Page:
‘Reassure youngsters’ to get them to sleep
Speaking calmly in the hours before bedtime can promote children to want to stay in bed and rest, one expert has said.
The importance of reassuring children in helping promote healthy night-time routines has been researched by Douglas Teti, professor of human development and family studies at Pennsylvania State University.
His findings showed that families who were receptive to communication by children often managed to get them off to sleep far easier.
“Bedtime can be a very emotional time. It heralds the longest separation of the day for most infants,” Dr Teti explained.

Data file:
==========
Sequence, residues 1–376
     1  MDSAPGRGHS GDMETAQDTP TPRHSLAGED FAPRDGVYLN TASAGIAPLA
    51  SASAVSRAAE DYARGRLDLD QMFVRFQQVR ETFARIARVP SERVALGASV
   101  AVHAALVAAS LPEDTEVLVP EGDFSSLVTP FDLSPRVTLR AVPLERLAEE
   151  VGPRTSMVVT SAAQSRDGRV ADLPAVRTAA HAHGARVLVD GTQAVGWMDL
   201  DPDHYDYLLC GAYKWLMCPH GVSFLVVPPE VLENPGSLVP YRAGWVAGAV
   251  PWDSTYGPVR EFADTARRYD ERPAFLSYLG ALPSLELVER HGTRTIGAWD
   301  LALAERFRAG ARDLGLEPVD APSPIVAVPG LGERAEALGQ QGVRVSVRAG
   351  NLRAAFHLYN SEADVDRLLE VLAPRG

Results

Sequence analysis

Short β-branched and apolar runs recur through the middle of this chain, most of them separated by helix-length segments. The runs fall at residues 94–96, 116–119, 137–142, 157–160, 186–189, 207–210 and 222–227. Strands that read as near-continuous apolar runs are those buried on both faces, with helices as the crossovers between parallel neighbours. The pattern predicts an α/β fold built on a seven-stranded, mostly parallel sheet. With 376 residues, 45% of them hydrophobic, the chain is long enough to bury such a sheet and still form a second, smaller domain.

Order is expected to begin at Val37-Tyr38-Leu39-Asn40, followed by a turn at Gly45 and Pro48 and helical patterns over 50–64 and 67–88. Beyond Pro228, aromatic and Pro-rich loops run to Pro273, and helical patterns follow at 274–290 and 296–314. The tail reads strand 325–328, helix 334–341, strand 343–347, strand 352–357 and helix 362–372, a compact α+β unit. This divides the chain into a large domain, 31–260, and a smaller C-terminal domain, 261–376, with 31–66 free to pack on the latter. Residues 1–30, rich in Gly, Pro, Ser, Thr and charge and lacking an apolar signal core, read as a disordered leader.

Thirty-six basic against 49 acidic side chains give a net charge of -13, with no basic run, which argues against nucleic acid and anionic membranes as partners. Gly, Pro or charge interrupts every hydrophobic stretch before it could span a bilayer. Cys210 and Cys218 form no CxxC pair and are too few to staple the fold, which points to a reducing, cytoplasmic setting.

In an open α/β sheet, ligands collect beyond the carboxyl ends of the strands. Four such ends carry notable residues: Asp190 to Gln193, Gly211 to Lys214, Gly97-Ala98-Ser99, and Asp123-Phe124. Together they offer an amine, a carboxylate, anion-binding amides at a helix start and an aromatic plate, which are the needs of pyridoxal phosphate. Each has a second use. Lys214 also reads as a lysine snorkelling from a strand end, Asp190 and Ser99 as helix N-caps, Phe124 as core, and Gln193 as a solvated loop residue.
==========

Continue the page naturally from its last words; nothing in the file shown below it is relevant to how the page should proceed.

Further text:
The specialist’s study suggested that being emotionally available can be more beneficial in encouraging slumber than a bedtime routine.
This is thought to be due to the reassurance the interaction gives the child, allowing them to feel safe.
Newborntoteen.com recently commented that making a sleeping environment welcoming to little ones could help make them snooze more soundly at night.